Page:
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Black Saturday - And Why You Need To Know About It

Black Saturday commemorations in Mangere. Photo: Raymond Sagapolutele.
Nestled between December's public holidays is a date of huge significance to NZ and Samoa. Pacific creative powerhouse Andy Leleisi’uao is calling for the Sky Tower to help shine a light on it.

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Andy Leleisi’uao has earned a position of huge respect within the creative community.

 

The Senior Pacific Artist recipient at the 2021 Creative NZ Arts Pasifika Awards, his work and iconography speaks strongly to his own personal experiences - and has exhibited in throughout Aotearoa and in Australia, Rarotonga, Germany, Taiwan, and the USA.

 

Leleisi’uao is passionate about his heritage as a New Zealand born Samoan - and is seeking to bring awareness of an important date in the history of his two homelands.

 

 On 28 December each year, I gather with alternating Pacific creatives including Terry Faleono, Raymond Sagapolutele, Sylvia Marsters  Vaimaila Urale, Benjamin Work, Iokapeka Magele-Suamasi and other friends to reflect on one poignant day, immortalised in Samoan and New Zealand history.

 

We stand with signs and Samoan flags at the main roundabout at the Mangere Town Centre to commemorate what is known as ‘Black Saturday’ - a tragic event which indirectly led to Samoa’s independence in 1962.

 

We’ve been doing this since 2016 and we’ll be doing it again this year.

 

This is a significant date for all Samoans. On this date in 1929 in Apia, Samoa, the governing New Zealand Administrator ordered the military police to open fire upon a group of non-violent marchers known as The Mau.

 

The leader, Tupua Tamasese Lealofi III, was also shot and as he lay dying his last words were, ‘My blood has been spilt for Samoa. I am proud to give it. Do not think of avenging it, as it was spilt in peace. If I die, peace must be maintained at any price.’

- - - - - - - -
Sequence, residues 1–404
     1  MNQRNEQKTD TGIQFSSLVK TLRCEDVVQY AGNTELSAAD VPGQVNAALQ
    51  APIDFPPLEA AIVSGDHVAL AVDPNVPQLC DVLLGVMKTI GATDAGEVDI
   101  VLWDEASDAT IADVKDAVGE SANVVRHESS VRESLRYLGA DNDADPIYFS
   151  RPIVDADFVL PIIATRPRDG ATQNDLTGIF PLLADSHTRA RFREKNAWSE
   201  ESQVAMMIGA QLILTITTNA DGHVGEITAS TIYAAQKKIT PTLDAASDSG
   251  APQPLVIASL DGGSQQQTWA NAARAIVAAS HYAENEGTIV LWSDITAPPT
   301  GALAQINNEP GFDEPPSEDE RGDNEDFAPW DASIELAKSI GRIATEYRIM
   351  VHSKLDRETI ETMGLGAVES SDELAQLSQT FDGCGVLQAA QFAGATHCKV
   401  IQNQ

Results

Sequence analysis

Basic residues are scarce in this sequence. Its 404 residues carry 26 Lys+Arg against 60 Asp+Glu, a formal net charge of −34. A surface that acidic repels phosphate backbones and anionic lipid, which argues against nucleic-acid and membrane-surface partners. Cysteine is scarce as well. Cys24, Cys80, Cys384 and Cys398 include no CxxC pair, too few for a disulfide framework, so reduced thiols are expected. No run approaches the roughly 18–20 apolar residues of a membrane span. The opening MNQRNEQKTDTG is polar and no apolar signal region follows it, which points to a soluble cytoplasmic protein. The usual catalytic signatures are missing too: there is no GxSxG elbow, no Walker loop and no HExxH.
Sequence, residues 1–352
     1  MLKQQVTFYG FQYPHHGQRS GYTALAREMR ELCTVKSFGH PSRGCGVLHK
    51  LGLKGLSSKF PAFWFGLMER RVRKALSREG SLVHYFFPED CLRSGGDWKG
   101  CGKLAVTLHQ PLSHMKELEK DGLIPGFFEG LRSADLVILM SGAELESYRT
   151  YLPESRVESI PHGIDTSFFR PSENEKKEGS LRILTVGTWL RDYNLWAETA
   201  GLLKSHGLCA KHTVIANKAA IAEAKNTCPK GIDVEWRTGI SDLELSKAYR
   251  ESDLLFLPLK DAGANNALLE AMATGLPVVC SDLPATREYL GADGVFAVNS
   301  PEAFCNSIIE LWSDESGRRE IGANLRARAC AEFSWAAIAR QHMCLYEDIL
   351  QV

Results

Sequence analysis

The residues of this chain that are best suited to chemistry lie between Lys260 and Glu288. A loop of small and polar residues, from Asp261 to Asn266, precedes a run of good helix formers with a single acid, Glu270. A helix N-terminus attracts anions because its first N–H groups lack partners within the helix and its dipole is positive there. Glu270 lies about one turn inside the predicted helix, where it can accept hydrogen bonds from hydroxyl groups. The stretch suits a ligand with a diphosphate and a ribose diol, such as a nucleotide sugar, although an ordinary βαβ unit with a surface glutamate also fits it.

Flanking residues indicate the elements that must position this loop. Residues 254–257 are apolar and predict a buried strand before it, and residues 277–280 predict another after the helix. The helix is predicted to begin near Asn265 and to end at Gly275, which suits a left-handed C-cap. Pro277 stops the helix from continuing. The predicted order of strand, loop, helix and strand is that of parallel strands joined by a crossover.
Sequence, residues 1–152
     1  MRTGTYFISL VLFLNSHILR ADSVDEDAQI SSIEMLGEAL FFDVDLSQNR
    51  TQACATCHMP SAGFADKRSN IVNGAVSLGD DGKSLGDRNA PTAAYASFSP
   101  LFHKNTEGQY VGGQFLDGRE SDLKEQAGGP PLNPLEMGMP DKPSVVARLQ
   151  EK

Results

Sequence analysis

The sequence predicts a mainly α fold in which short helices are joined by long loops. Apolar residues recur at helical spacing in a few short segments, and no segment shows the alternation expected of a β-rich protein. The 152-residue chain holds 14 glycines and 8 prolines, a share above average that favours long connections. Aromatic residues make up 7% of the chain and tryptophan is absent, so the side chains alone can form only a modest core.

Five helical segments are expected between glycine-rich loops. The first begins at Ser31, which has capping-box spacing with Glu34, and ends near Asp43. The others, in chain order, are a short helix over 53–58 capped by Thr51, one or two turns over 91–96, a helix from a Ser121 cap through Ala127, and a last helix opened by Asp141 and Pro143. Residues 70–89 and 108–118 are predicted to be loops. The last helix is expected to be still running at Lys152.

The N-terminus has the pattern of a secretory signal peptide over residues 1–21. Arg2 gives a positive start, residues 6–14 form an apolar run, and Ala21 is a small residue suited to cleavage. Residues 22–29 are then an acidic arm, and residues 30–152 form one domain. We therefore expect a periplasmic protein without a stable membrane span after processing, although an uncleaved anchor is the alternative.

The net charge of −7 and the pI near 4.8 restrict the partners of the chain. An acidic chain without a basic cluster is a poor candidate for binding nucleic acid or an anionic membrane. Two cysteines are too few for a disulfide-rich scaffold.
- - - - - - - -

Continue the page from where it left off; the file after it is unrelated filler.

In total, eleven Samoans were killed as well as a New Zealand police officer, many others were injured.

 

It’s a day that has an irrevocable impact between Samoa and New Zealand relations. One that many do not know about. 

 

Black Saturday commemorations in Mangere. Photo: Raymond Sagapolutele.

 

I want to help change that – and I believe it’s time to put that up in lights.

 

Every few years, I write to Skycity with the request to consider projecting the colours of the Samoan flag (red and blue) onto the Sky Tower on the night of the 28 December. Even though my request meets their criteria, it’s constantly declined.

 

So I’m calling on those who call the shots to help bring this important date to the attention of the wider community. An endorsement of the ever-growing acceptance of Pacific culture and heritage into Aotearoa.

 

Black Saturday commemorations in Mangere. Photo: Raymond Sagapolutele.

 

This proposal is not a social/political statement or a protest - nor is there any intent to lay blame or involve any ill will. It is a sad tragedy and it is a shared sad tragedy.

 

For one poignant December evening under the Southern Cross, let’s enlighten, unite and remind one another that courage, resilience, empathy, kindness, respect and optimism can also stem from adversities of our shared past.

 

Skycity Tower offers a unique visual opportunity, to be a symbolism of goodwill - a beacon of solidarity between Aotearoa and Samoa.

 

My friends and I will be out there again this year with our signs and flags because what happened on that particular day will always have meaning to us. 

 

Black Saturday commemorations in Mangere. Photo: Raymond Sagapolutele.